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Simple Linux Server iptables boot-script wizard
[Version 1.09 - June 2003]

By Chris Lowth

If you find this tool useful, please consider making a small financial contribution towards it's continued development via eBay's "PayPal" system. Just click on the button below.

This tool is one of the LinWiz set of wizards. It creates a simple firewall shell script (for any "iptables" enabled linux system) or configuration file (for hosts that employ the iptables-restore file format for saving rule sets - such as RedHat Linux 7.1, 7.2, 7.3 or 8.0 and others). The generated configuration is a "iptables firewall" rule set, suitable for servers or workstations with a single network card, not acting as a router (not forwarding IP traffic).

Step 1 - read and understand this disclaimer

This tool is Copyright (C) Chris Lowth, 2003. The files it creates are provided under the terms of the GNU General Public License, the full text of which is available here. This license governs your rights to use and redistribute the generated code and highlights the fact that it is provided with no warranty.

Your continued use of the tool and the files it creates indicates your acceptance of these terms.

A note about privacy: No information entered into this form is stored anywhere on the web server, or deliberately passed to any person or agency. Your privacy is respected. The data you enter is sent over the internet in "clear text" for processing by the LinWiz tools, so it is possible (but unlikely) that someone could "snoop" the connection and read the information (this is true for any un-encrypted internet traffic - which includes the majority of the "world wide web"). However - the good news is that these tools work just as well with false IP addresses as with real ones, provided that you edit the created file once you have downloaded it to replace any false addresses with real ones. In the majority of cases, such use of "false addresses" is not required - particularly if your computer is located in a private network.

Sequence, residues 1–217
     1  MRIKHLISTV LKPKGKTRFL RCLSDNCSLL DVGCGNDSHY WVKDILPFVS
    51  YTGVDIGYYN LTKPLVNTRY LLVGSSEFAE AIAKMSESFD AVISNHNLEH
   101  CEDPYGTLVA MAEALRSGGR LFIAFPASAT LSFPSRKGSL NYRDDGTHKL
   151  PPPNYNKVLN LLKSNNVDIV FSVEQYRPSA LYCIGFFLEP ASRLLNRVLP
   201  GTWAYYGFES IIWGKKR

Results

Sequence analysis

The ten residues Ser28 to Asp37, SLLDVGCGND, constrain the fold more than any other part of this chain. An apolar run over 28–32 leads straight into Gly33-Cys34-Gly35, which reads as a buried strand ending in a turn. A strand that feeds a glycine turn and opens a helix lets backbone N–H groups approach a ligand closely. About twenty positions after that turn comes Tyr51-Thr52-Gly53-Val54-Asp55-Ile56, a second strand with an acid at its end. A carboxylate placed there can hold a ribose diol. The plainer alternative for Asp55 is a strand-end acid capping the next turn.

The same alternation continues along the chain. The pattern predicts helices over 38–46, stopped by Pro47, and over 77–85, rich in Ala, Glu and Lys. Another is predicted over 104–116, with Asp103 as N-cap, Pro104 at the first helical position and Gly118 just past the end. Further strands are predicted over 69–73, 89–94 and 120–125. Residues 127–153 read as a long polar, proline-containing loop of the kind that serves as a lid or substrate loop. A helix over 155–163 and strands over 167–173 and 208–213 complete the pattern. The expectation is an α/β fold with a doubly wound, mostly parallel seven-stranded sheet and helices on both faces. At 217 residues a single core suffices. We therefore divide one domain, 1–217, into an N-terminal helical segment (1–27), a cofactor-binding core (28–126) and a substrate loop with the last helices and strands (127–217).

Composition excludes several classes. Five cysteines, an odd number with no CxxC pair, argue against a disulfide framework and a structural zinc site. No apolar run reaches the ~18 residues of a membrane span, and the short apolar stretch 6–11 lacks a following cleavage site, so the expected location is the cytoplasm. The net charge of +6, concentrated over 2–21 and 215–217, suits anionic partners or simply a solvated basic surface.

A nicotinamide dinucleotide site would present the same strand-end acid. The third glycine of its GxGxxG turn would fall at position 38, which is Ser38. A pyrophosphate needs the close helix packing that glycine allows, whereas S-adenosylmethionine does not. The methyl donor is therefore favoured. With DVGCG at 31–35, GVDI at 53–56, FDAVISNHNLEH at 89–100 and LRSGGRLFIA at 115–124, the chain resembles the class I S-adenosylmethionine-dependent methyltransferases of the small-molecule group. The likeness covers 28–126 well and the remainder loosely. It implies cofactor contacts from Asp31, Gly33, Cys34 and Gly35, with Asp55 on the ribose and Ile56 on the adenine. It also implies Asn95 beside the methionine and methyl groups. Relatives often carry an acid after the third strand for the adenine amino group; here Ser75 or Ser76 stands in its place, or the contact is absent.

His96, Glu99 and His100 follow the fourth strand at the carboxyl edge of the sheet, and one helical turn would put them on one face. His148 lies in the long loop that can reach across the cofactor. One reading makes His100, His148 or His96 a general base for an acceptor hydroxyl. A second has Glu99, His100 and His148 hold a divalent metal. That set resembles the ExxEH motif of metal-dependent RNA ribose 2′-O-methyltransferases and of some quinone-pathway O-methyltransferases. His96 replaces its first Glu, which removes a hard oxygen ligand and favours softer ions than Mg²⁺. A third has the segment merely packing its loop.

Step 2 - Simple IP services

This section lists a number of popular TCP/IP and UDP "services" that you might have running on your system. If you wish to allow (or refuse) other people on the network permission to access these services, then all you need to do is to select or clear the relevant tick boxes below.

Name Description Ports SSL Ports
dhcp Dynamic host configuration protocol
domain DNS - Domain Name Service (IP name resolution)
ftp File transfer protocol
http Web Server (Hyper Text Transfer Protocol)
imap Interim Mail Access protocol (on-server mail folders)
irc Internet Relay Chat
ldap Lightweight Directory Access Protocol
ntp Network Time Protocol - used for synchronising computer clocks over an IP network.
pop3 Post Office Protocol (for mail collection)
printing Various unix print services - select only those you use
- port 631 is used by the cups / lprng daemon
- 'ipp' is the Internet prinint protocol
- 'printer' is the lpd daemon